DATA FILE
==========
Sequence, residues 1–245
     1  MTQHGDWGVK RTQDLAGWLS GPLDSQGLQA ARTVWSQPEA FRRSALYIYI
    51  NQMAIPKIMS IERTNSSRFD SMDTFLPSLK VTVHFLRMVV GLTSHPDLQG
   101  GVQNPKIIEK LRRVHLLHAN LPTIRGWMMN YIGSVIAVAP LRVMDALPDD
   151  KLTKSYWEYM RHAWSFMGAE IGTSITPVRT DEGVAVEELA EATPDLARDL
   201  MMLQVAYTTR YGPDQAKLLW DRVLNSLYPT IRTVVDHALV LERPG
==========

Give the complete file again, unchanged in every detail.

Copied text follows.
Sequence, residues 1–245
     1  MTQHGDWGVK RTQDLAGWLS GPLDSQGLQA ARTVWSQPEA FRRSALYIYI
    51  NQMAIPKIMS IERTNSSRFD SMDTFLPSLK VTVHFLRMVV GLTSHPDLQG
   101  GVQNPKIIEK LRRVHLLHAN LPTIRGWMMN YIGSVIAVAP LRVMDALPDD
   151  KLTKSYWEYM RHAWSFMGAE IGTSITPVRT DEGVAVEELA EATPDLARDL
   201  MMLQVAYTTR YGPDQAKLLW DRVLNSLYPT IRTVVDHALV LERPG